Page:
The Aromanians were part of the projects for the dismemberment of Greece set up by the Italians. When the 11th Army occupied the areas in 1941, their commanders received orders by Palazzo Chigi (the seat of the Italian Ministry of Foreign Affairs at the time) to survey each village recording their ethnicity and its attitude towards the occupiers, finding the Aromanians absorbed and assimilated in the Greek community with the exception of some groups who were recorded as anti-Bulgarian, anti-Greek, pro-Italian and pro-Romanian.[12] A pre-war dossier for the Italian government on the subject of the Aromanians promoted the idea that they were descendants from the Ancient Romans and that the Aromanians had taken shelter in the Pindus mountains against barbarian invasions, to be used at the appropriate moment.[13]

After the fall of Greece to the Germans in spring 1941 and the division of the country among the Axis powers, Alcibiades Diamandi created a collaborationist organisation known as the Roman Legion, with the support of the Italian occupation authorities and promoted the idea of a Vlach canton or semi-independent state, called several decades later by the name Principality of Pindus that would encompass northwestern Greece. Diamandi also met the Greek collaborationist Prime Minister, Georgios Tsolakoglou, but Tsolakoglou refused to accommodate his demands. In reality Italian "military authorities refused to permit any form of self-administration by the Aromanians in the awareness that their irredentist aspirations, or appeals for annexation to Italy, were a masquerade by a minority movement seeking political and economic revenge".[14]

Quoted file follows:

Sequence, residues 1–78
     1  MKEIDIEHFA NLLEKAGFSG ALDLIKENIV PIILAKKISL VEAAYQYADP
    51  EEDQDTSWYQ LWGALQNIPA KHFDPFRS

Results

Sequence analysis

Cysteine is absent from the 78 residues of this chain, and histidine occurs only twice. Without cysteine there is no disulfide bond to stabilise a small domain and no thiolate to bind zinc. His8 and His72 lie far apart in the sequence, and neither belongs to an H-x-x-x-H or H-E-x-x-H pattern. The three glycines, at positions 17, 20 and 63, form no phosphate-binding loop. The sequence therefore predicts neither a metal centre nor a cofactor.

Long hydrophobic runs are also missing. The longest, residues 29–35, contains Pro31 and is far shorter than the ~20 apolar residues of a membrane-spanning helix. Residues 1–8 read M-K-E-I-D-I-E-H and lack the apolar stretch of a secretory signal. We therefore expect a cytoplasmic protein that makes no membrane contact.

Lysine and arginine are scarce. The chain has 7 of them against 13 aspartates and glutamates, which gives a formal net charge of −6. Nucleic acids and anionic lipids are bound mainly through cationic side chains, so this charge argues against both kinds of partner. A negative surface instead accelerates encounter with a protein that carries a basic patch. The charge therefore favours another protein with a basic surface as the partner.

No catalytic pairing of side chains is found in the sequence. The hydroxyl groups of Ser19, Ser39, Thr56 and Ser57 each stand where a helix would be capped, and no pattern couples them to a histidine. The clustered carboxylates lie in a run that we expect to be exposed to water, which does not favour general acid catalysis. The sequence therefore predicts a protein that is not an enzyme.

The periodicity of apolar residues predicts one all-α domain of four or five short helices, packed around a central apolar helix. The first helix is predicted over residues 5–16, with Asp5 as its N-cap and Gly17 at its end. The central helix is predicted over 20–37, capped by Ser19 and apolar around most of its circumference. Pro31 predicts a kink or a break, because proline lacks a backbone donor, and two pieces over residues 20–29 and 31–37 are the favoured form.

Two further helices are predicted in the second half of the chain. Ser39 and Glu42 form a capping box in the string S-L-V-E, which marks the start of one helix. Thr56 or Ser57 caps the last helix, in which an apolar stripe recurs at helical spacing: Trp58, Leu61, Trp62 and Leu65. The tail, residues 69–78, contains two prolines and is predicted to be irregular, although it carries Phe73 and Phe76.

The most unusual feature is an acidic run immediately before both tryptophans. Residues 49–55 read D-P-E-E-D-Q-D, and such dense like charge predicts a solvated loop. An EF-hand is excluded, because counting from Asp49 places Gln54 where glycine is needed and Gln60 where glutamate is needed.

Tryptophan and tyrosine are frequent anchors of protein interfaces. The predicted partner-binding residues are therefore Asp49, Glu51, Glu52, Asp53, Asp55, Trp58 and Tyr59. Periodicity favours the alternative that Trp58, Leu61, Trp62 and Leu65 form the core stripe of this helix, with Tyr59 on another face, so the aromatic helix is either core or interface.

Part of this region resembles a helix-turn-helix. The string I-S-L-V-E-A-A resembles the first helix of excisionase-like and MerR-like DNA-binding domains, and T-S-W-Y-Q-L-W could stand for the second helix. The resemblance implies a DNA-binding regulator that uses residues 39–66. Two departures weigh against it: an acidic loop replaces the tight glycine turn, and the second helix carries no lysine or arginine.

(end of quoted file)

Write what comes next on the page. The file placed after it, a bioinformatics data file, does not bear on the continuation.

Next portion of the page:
From mid-1942 on, the armed Greek Resistance also made its presence felt, fighting against the Italians and their collaborators and the leader of the Legionnaires, Diamandi, left for Romania in 1942, to be followed by his second in command and successor Nicolaos Matussis in 1943.[15]

Whatever authority the Legion exercised, it practically ceased to exist after the Italian capitulation in September 1943, when the control of Central Greece was taken over by the German army.


  1. ^ Autonomy of the Pindus Principate
  2. ^ a b c d e f g h i j Evenimentele din lunile iulie-august 1917 în regiunea Munţilor Pind – încercare de creare a uneistatalităţi a aromânilor. documente inedite şi mărturii. studiu istoriografic şi arhivistic, Stoica Lascu, Revista Romana de Studii Eurasiatice, Anul III, No. 1-2/2007
  3. ^ (in Greek)The capitulation of Italy from Rizospastis newspaper, 7 September 2003
  4. ^ a b c The ethnicity of Aromanians after 1990: the Identity of a Minority that Behaves like a Majority, Thede Kahl, Ethnologia Balkanica, Vol. 6 (2002), σελ. 148
  5. ^ a b c The Politics of Nation-Building: Making Co-Nationals, Refugees, and Minorities, Harris Mylonas, Cambridge University Press, 2013, σελ. 134